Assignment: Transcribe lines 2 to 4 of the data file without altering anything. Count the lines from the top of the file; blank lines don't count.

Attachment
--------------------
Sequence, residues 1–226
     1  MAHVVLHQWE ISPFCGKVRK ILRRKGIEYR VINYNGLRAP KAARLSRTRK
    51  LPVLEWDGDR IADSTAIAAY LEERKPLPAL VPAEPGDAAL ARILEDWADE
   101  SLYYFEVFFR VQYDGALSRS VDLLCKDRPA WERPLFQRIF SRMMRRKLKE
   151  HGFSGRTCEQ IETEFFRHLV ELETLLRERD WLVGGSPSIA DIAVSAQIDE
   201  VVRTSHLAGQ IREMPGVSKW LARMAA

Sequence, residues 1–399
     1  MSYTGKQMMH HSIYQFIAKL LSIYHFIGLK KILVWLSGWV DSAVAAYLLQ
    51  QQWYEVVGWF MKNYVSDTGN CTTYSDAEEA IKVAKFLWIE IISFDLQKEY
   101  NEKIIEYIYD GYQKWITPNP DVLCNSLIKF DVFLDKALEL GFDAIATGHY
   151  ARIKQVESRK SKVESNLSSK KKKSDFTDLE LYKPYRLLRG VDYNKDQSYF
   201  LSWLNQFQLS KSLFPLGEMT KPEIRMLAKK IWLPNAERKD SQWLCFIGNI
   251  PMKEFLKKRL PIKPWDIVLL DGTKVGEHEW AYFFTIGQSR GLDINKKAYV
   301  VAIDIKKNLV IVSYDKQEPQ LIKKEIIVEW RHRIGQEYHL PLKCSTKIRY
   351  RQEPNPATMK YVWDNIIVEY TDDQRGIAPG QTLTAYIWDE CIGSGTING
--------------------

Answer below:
     1  MAHVVLHQWE ISPFCGKVRK ILRRKGIEYR VINYNGLRAP KAARLSRTRK
    51  LPVLEWDGDR IADSTAIAAY LEERKPLPAL VPAEPGDAAL ARILEDWADE
   101  SLYYFEVFFR VQYDGALSRS VDLLCKDRPA WERPLFQRIF SRMMRRKLKE